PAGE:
Smarter LED Lighting such as Philips’ Hue, Saves Money, Creates Scenes, Changes the way we use Lighting!

LED lighting is great.  RGB LED lighting is even better, and making them Smart, allows one to completely rethink how one uses  lighting in both home (and commercial) environments.  Good implementation of smart LED lighting  drastically reduces electric bills compared to old style incandescent, but even offers big savings compared o those CFLs  (Compact Fluorescent lights).  And it does so without the multiple problems/issues that CFLs have, such as containing Mercury, or not being really good at dimming.

(Ed. note:  This article was originally posted in 2013, updated on Jan 21st  after the CES show).

Why smart LED lighting?  From a political standpoint, many people have been “forced” to buy more efficient lighting.  As an example, most incandescent bulbs have been banned (in California) and now other places)  Sadly, the push to CFL by regulation and the push by many environmental groups, by my take, was badly misguided.

Just waiting a couple more years for LED’s to be viable would have been the intelligent way to proceed.  After all, breaking a CFL bulb in your carpet isn’t a job for a hand vacuum, but one for a Hazmat team, or so the same environmental folks tell us.  That’s right, break a CFL and there’s now mercury in your room.  Baby’s room?  Better clean up a broken CFL “the right way, or it might even be a crime since the mercury is considered extremely dangerous. You do not want it in your carpeting.

So, by my take, CFL’s are basically bad ideas, but LED lighting bests CFL’s in every area but one:  They do cost more to buy.  But their prices are coming down too.  Since most are about twice as efficient as a CFL, even spending $15 instead of $1 for a CFL, should pay for itself in a year or three in any area where the lights are used somewhat often – kitchen, living room, bedrooms.  Payback on rarely used lights though is a different story:   if it’s the light in the hall closet that’s turned on 15 minutes a month, it will take  years, so you might want to leave the CFL in that closet a while longer, until prices fall.

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With Smart LED lighting, adjust your room to your taste, or perhaps match to the sunset…

For our Dream Home project, we will have not just LED’s but smart LED lighting in almost all of the project.  Currently the house is populated with a mix of mostly LED and some CFL lighting, but we will replace all the CFL’s with LED, by the end of the project.  The Dream Home has, 106 recessed ceiling lights.  That’s a lot of new LED bulbs needed

Unfortunately, there are still few smart LED lights out there but the selection still managed to increase manyfold at the CES show two weeks ago.  Everyone’s getting in the game.  For example, Cisco, Belkin, CREE and a host of others were showing smart LED’s some were dimmable white, many were dimmable color LEDs.  There are now traditional “light bulb” style led lights, and others that are flood lights (suitable for our recessed cans), and still others spots and strip lighting.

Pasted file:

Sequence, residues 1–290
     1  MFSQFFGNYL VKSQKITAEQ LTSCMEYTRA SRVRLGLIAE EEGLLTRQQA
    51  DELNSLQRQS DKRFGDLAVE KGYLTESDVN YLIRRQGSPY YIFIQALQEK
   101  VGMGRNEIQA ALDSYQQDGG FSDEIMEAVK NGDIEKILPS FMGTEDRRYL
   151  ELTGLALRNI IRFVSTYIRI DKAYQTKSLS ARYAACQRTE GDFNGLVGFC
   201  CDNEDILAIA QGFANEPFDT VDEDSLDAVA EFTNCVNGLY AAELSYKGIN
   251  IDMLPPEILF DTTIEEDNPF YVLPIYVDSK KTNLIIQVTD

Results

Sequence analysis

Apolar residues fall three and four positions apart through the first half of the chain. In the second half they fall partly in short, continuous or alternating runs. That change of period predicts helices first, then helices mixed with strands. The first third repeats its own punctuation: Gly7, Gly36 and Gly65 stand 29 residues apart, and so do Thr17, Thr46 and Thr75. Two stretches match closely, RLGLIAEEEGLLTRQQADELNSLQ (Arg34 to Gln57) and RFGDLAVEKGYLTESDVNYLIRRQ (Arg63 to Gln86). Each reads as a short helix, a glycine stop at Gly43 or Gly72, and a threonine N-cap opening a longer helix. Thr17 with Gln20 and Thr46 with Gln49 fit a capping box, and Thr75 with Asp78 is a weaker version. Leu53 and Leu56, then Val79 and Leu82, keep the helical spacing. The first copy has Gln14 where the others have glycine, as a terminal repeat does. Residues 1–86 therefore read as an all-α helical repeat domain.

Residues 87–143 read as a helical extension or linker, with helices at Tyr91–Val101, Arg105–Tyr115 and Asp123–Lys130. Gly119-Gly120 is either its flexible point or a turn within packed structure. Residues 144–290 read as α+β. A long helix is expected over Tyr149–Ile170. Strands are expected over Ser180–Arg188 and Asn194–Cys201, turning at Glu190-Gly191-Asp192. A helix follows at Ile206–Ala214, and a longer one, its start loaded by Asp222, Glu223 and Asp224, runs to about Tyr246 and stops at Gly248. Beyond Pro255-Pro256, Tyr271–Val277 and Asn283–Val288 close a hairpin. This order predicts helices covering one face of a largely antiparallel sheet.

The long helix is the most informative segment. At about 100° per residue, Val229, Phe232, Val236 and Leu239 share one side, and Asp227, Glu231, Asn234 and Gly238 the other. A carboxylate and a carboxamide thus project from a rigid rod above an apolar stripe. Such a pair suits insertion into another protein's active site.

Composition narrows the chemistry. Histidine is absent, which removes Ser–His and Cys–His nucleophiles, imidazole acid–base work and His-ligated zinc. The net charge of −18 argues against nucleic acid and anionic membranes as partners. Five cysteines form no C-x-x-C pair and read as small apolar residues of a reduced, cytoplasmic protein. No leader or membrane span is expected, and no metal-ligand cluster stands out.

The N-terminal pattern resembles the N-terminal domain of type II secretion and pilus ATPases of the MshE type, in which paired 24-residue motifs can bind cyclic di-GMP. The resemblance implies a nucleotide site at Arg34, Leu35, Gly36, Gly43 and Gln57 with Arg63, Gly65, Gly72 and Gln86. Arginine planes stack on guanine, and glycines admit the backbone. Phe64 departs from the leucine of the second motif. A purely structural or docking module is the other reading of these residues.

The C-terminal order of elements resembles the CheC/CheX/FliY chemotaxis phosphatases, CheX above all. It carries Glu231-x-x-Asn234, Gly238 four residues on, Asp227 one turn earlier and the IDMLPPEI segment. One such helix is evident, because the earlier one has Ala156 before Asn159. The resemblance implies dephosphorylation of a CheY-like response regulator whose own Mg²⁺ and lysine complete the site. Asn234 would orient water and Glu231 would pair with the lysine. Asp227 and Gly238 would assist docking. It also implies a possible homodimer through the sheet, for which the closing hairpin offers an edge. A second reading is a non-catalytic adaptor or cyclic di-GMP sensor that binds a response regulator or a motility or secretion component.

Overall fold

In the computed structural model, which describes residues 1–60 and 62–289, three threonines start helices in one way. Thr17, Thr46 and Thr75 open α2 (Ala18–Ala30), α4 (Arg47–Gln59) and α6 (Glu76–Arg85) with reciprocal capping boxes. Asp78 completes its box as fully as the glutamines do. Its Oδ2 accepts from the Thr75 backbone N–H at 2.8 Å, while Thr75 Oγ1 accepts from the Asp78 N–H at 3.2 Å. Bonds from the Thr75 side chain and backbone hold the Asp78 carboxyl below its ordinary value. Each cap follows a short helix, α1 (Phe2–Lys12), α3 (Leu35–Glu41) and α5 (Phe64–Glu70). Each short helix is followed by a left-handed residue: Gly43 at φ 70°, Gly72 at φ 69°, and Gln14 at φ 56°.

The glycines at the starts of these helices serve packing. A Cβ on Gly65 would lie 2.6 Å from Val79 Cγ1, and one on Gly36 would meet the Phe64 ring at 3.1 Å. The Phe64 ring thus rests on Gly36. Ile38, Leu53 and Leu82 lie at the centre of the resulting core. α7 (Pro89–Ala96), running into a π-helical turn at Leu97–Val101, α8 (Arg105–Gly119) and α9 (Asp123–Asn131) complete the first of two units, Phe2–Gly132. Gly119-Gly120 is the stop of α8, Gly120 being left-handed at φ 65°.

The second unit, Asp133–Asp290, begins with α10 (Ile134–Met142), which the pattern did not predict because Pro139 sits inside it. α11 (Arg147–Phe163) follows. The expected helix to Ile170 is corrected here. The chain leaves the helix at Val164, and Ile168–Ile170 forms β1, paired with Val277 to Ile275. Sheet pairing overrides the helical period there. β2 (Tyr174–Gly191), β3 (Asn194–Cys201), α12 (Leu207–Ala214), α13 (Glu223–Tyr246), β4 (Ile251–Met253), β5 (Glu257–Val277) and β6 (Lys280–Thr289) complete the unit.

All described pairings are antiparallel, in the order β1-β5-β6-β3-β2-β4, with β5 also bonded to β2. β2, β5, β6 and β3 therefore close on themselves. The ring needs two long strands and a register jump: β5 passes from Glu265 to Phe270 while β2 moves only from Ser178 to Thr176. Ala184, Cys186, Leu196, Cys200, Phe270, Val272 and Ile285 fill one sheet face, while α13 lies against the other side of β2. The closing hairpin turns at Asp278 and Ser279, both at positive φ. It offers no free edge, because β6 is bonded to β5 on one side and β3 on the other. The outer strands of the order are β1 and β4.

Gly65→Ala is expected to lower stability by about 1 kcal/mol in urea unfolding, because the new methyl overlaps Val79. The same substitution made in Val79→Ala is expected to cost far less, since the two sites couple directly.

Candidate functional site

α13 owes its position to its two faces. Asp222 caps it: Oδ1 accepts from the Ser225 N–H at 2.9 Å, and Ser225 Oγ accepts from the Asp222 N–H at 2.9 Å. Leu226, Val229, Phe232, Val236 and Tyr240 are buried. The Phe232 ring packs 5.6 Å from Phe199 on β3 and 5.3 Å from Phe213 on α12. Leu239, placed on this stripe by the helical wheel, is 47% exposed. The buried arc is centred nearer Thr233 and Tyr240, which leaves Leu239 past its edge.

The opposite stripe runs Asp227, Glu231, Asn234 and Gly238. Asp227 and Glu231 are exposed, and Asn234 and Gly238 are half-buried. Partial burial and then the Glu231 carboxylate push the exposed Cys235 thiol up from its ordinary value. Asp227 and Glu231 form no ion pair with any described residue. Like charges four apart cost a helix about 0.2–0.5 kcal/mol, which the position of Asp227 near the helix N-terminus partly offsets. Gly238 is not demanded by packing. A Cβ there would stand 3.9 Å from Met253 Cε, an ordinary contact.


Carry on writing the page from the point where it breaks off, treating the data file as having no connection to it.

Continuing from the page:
It’s getting exciting.

Within a couple or three years the shelves will be lined with LED lights that can all be individually addressed.  The possibilities are endless.  Our Dream Home will become a “smart” house of light.  We’re already doing scenes in our livingroom and back patio, but doing it “manually” which each set of lighting having its own remote.  Won’t be long until every light, every scene will be controlled by iPhones and other smart devices, as well as smart wall switches.   It’s going to be fun, stay tuned! -art

Philips Hue is a Great example of what's now available in Smart LED lighting

No this isn’t a commercial, just a great example.  Philips has been selling their smart Hue lighting since end of 2011, give or take.  Basically think a bunch of bulbs similar to a traditional light bulb in shape and light dispersion.  The Hue bulbs offer color.  millions of colors to choose from.  Just screw them in, they talk to a Philips controller, so that you can adjust every light individually, from your iPhone, computer, etc.  You can create colored scenes (or white), mixing anyway you want.   Your major limit is that one controller can only control about 60 lights.

In time for the holiday season Philips has added flood lights called Bloom, and strip RGB LED lighting called Lightstrips.

Everything can be turned on and off on schedule, and likely if you get fancy (we will try to), control them with motion sensors and daylight sensors as well.  Philips system is Zigbee compatible, one of two major standards for integrating different companies’ smart devices.

We’ve already got a lot of LED-RGB strip lights in our Dream House, but so far, they each have their own multi-color/multi-effect small remote controls.  All of those, and more RGB LED strip lights will be added to the home control system, so they too will be controllable by the likes of iPads, etc.

 

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